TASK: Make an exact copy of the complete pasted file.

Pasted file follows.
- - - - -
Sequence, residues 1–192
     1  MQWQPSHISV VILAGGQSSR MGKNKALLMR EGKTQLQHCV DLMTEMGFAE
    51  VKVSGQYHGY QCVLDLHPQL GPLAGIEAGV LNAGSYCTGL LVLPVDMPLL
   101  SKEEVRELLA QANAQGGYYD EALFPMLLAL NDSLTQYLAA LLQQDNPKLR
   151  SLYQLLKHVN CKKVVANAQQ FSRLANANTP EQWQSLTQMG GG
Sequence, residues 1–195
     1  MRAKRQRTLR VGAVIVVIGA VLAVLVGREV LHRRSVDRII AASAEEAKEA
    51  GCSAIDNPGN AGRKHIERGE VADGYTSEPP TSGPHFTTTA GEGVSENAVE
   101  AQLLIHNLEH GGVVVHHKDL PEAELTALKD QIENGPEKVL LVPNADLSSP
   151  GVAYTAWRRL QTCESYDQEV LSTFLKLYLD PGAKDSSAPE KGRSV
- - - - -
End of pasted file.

Sequence, residues 1–192
     1  MQWQPSHISV VILAGGQSSR MGKNKALLMR EGKTQLQHCV DLMTEMGFAE
    51  VKVSGQYHGY QCVLDLHPQL GPLAGIEAGV LNAGSYCTGL LVLPVDMPLL
   101  SKEEVRELLA QANAQGGYYD EALFPMLLAL NDSLTQYLAA LLQQDNPKLR
   151  SLYQLLKHVN CKKVVANAQQ FSRLANANTP EQWQSLTQMG GG
Sequence, residues 1–195
     1  MRAKRQRTLR VGAVIVVIGA VLAVLVGREV LHRRSVDRII AASAEEAKEA
    51  GCSAIDNPGN AGRKHIERGE VADGYTSEPP TSGPHFTTTA GEGVSENAVE
   101  AQLLIHNLEH GGVVVHHKDL PEAELTALKD QIENGPEKVL LVPNADLSSP
   151  GVAYTAWRRL QTCESYDQEV LSTFLKLYLD PGAKDSSAPE KGRSV